The Montfort Group

Minimizing Feelings

Have you ever caught yourself minimizing feelings, saying things like, “Oh, my problem isn’t that big of a deal, there are people in the world who go through worse.” What about, “I shouldn’t feel this way. I have so much to be grateful for.” Or, “If I can just postpone these feelings, when I can just get to XYZ I will most definitely feel better.” 

Rationalizing Feelings

Rationalizing feelings is called minimization. It is a form of deception that involves denial in situations where complete denial of reality is not possible. It is the downplaying the significance of emotion, especially when feelings of guilt are involved. Minimizing feelings is a coping mechanism meant to make the pain more manageable in the short term, which can be helpful to a degree. There are times in life we have to move through challenging phases in order to get to the reward parts. 

Minimizing becomes harmful when feelings are continually pushed aside and never processed. When emotions are ignored for long enough they become bigger and bigger and increasingly uncomfortable until there is no choice but to face them. When emotions are stuffed, dismissed, or deflected they eventually become toxic and take a psychological toll. 

Preventative vs. Reactionary

How can we change this propensity toward a culture of silence? “This is the way it’s always been” and “how people have always handled their business” is no longer a sufficient reason for ignoring the importance of mental health. Instead of pushing feelings down and aside, being aware of the pain. Work to understand what is there to learn from it can be a preventative rather than reactionary practice.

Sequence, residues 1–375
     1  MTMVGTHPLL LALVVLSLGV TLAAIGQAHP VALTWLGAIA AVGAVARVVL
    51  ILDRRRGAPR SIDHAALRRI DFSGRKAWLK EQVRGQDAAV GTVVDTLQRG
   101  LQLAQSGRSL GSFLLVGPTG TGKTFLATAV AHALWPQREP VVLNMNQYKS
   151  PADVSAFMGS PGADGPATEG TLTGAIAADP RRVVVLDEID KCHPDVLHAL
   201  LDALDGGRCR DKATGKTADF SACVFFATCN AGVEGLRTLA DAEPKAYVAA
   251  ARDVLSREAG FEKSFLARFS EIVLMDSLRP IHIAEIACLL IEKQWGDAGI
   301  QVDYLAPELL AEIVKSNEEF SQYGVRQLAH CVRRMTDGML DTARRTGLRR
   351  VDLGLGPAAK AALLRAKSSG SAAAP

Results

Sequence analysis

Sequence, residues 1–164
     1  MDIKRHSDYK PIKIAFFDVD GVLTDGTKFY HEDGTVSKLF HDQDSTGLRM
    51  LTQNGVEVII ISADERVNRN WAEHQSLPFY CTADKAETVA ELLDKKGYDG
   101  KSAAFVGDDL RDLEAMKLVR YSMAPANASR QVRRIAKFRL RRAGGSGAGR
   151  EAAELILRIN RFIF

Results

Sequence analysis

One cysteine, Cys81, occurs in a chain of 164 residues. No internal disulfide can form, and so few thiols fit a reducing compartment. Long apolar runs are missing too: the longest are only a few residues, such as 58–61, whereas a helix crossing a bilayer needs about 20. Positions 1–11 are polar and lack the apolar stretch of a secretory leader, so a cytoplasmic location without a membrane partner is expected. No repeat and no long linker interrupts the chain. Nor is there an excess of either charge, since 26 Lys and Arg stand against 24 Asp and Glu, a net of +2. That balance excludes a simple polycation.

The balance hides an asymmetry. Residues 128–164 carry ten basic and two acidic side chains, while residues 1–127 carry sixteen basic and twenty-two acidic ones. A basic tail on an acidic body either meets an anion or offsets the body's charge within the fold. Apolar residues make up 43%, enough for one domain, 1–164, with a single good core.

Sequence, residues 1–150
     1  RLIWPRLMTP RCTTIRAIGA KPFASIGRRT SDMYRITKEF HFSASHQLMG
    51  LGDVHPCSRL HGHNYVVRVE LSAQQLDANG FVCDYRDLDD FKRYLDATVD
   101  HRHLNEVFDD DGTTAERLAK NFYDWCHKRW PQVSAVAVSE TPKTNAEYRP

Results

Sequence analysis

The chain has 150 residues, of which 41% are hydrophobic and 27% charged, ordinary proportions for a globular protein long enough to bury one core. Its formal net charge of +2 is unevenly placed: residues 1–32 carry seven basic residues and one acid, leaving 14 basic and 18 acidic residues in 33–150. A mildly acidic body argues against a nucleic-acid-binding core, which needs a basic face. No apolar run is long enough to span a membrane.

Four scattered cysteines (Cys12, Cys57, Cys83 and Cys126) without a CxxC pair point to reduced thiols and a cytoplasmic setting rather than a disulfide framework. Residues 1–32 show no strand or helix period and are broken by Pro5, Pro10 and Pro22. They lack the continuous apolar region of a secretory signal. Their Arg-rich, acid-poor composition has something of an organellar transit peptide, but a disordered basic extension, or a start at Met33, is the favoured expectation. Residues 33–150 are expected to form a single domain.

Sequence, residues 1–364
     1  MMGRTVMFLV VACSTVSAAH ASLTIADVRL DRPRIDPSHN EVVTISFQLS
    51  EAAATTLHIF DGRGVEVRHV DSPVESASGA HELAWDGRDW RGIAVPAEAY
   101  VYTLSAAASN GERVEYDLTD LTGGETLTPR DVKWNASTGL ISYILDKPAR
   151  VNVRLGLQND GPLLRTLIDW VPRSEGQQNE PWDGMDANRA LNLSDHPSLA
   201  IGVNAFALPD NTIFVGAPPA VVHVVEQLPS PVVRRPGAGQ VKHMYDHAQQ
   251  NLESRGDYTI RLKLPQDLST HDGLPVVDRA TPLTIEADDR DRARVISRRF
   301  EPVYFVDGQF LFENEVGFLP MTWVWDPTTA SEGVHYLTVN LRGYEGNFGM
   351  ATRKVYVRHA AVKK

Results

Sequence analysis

One way to get in touch with your minimized feelings is through grounding exercises. It’s as simple as checking in with yourself and attaching a feeling word for your present state.  “I feel _______.” If you’re like me, you might notice some difficulty with this exercise at first, but after a few days of intentional awareness, you’ll be a pro. When feelings are labeled, you are one step closer to telling yourself that you are seen, heard, and understood by yourself. By taking this step your emotions don’t have to continue growing in intensity to get your attention. The sensation of the feeling can flow through without getting stuck inside you. 

Therapy provides the opportunity to release the weight of struggle, conflict, and trauma we tend to collect over time. It teaches us how to stop minimizing feelings and to practice learning to talk about our feelings.

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